It simply doesn’t get much finer than today in the middle of July. How can you top mid-80s, low humidity, and a light, cooling breeze from the north? You might not be able to top that combo, but you can match it (or come close), and that’s what we do tomorrow. Enjoy, before heat and humidity return next week.

Temperatures: Latest D.C. area temperature map powered by iMapWeather (base map by Google). Click and hold on map to pan. Double-click to zoom. Refresh page to update. See larger map on our Weather Wall.

Through Tonight: Skies are clear, perfect for viewing the full “thunder moon” David mentioned earlier. Evening 70s gradually transition to 60s late at night (just upper 60s downtown), with even some upper 50s in cool spots like Frederick and Leesburg.

Tomorrow (Friday): The work week ends in style, with crystal blue skies and reasonable humidity levels. The lack of much of a breeze makes it slightly less scrumptious than today but I’m not anticipating many complaints. Highs reach the mid-80s... with a few upper 80s not out of the question.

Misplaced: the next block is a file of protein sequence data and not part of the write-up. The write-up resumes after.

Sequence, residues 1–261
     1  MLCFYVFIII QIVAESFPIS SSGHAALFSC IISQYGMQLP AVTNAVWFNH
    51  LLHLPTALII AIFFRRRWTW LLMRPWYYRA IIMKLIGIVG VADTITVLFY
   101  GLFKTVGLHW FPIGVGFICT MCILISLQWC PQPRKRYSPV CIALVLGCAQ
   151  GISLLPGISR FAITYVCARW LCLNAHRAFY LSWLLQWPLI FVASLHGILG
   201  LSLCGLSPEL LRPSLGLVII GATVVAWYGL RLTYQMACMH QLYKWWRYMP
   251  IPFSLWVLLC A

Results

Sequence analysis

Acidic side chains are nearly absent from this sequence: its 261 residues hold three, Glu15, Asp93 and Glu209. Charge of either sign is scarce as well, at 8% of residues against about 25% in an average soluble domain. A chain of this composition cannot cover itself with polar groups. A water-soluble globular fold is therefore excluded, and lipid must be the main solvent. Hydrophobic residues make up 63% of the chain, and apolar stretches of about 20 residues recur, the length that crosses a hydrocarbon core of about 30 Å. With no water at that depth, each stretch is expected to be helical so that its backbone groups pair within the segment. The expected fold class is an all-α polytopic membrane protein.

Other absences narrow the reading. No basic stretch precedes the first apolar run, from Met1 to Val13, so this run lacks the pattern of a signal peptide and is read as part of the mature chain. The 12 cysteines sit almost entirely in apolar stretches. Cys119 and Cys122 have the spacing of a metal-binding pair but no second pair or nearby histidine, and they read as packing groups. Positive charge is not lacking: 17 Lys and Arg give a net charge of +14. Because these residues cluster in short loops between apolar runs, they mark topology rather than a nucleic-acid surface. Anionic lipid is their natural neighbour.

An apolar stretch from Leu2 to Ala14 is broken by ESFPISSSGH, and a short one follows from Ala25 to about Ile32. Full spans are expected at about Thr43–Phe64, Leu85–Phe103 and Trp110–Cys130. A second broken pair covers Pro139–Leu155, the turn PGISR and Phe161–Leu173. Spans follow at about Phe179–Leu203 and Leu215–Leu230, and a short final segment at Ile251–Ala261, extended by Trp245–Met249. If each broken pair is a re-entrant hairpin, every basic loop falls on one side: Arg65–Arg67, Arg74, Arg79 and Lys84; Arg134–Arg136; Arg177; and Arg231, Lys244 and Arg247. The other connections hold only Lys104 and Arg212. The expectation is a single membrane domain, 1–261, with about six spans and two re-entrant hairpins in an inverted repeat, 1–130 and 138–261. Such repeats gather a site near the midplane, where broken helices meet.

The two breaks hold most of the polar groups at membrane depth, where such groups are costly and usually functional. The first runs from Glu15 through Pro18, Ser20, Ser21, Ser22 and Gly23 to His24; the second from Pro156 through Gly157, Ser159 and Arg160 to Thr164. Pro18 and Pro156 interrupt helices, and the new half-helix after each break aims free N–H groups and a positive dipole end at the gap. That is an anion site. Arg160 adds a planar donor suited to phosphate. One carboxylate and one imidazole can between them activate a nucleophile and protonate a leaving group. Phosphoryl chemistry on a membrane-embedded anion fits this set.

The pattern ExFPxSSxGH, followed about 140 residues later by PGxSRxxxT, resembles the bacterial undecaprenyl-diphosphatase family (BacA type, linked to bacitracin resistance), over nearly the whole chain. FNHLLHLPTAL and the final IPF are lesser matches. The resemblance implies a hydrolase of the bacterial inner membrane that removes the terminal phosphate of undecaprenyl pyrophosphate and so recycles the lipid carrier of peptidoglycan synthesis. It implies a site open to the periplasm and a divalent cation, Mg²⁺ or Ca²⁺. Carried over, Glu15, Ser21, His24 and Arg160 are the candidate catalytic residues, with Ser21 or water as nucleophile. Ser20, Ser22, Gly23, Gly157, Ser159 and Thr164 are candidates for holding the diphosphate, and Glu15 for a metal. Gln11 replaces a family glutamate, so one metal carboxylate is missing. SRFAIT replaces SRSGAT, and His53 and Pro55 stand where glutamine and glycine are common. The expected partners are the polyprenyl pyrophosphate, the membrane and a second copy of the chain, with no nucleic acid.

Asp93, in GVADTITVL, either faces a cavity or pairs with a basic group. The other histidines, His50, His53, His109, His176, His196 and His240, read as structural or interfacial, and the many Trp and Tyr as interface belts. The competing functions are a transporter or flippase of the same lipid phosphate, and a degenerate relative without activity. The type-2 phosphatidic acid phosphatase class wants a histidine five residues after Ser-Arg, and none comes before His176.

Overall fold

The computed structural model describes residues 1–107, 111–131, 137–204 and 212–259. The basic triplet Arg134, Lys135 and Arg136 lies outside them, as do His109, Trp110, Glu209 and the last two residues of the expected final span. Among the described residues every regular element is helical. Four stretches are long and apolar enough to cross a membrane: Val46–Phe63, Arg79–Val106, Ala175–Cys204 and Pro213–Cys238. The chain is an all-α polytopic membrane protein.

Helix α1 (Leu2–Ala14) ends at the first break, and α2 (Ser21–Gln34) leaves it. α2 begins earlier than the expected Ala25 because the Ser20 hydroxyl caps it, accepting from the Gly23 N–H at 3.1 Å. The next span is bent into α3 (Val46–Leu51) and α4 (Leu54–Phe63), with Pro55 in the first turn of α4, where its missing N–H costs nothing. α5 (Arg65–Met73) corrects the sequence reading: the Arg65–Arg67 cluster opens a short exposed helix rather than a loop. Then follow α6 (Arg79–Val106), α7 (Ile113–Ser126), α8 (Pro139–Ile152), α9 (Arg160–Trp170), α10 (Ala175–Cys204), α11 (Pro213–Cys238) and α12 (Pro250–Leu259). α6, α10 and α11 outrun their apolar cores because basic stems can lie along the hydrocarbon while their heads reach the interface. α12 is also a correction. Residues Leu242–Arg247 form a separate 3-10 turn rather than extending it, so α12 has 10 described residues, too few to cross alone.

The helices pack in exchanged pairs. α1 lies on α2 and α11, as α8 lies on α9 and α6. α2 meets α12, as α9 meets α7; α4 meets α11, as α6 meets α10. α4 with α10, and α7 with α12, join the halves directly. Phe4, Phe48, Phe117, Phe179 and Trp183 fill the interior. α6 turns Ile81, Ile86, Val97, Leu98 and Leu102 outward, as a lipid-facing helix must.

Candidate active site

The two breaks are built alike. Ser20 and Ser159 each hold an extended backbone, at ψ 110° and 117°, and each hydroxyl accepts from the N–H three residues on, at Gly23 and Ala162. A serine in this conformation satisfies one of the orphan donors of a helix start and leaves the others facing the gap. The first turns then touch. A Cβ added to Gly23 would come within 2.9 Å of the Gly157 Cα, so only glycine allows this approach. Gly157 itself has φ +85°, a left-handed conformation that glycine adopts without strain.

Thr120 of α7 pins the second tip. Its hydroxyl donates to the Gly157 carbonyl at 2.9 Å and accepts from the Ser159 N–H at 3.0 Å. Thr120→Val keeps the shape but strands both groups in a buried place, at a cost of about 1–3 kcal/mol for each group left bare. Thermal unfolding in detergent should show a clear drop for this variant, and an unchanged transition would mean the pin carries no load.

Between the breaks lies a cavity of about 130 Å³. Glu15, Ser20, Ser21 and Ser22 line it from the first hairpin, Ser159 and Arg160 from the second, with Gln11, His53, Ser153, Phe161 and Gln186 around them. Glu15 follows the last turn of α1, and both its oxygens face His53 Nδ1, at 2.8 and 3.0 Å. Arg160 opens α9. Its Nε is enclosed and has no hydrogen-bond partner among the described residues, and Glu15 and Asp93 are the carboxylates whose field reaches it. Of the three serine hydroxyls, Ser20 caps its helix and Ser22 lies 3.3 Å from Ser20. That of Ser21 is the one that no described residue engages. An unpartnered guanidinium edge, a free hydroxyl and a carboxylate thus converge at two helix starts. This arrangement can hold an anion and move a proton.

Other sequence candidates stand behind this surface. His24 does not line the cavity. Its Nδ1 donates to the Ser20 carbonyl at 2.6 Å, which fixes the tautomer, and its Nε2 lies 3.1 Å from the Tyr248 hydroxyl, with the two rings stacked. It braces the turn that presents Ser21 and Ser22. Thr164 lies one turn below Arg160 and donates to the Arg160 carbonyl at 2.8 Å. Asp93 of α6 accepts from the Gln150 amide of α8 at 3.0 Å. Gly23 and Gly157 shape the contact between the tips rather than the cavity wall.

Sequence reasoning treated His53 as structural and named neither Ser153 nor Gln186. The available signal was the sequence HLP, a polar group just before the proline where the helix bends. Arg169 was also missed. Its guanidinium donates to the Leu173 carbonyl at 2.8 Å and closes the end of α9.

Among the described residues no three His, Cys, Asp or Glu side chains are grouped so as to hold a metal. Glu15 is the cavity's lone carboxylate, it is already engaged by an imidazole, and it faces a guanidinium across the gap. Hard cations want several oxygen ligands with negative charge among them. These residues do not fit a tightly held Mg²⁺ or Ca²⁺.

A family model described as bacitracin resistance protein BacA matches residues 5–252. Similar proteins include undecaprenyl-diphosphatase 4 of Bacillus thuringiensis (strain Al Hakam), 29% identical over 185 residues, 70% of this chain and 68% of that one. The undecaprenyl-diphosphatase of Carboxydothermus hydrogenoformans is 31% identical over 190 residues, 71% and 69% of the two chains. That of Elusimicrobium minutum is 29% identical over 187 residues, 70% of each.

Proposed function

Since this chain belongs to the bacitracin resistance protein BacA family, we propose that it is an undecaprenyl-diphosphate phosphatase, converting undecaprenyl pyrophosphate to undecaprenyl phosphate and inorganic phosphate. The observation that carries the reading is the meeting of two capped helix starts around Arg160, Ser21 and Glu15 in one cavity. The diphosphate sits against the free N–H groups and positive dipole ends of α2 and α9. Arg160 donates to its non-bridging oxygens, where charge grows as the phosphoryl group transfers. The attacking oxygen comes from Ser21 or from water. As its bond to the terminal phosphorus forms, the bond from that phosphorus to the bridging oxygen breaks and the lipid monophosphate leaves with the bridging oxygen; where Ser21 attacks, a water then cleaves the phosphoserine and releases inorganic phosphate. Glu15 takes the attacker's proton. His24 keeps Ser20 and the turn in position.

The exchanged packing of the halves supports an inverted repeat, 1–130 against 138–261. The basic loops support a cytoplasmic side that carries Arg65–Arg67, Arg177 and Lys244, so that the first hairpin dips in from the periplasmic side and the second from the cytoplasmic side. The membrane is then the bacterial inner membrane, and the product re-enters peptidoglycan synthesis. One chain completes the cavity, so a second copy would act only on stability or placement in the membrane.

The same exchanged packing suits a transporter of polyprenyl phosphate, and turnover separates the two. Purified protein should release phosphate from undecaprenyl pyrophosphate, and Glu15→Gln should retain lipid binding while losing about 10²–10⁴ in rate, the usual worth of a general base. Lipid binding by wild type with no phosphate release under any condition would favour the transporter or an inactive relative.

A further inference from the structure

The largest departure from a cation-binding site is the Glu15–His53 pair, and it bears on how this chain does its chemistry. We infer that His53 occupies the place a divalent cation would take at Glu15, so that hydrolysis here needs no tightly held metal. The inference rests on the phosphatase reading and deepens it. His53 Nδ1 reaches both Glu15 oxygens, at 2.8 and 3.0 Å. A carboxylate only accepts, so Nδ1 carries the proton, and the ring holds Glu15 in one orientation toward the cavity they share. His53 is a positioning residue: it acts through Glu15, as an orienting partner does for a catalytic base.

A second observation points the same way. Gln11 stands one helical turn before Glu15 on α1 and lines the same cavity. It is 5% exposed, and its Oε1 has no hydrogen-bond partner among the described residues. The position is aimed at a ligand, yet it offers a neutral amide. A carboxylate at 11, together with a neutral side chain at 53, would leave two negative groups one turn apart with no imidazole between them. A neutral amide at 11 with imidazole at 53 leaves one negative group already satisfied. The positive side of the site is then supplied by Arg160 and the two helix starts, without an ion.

See David Streit’s forecast through early next week. And if you haven’t already, join us on Facebook and follow us on Twitter

Pollen update: From Walter Reed: “Grass pollen is LOW (NAB range) at 3.51 gr/cubic meter which is more MODERATE for our local area counts. Tree pollen is LOW at 0.64 gr/cubic meter and weed pollen is LOW at 2.56 gr/cubic meter. Mold spores are MODERATE at 7949.4 spores/cubic meter.”

Some stunning heat records: I tweeted these out already, but they’re worth posting here: 1) On Tuesday, Richmond, Va. set its all-time record high minimum temperature, dropping to only 81 degrees. It was the first time Richmond has not dropped below 80, and records have been kept since 1897. 2) Mt. Pleasant, South Carolina recorded a heat index of 124 on Wednesday, the highest in state history.

Denver hailstorm: A storm producing golf-ball-sized hail for 15 minutes stranded 1,000 people overnight in Denver Wednesday, including the Wisconsin governor. Several planes were damaged.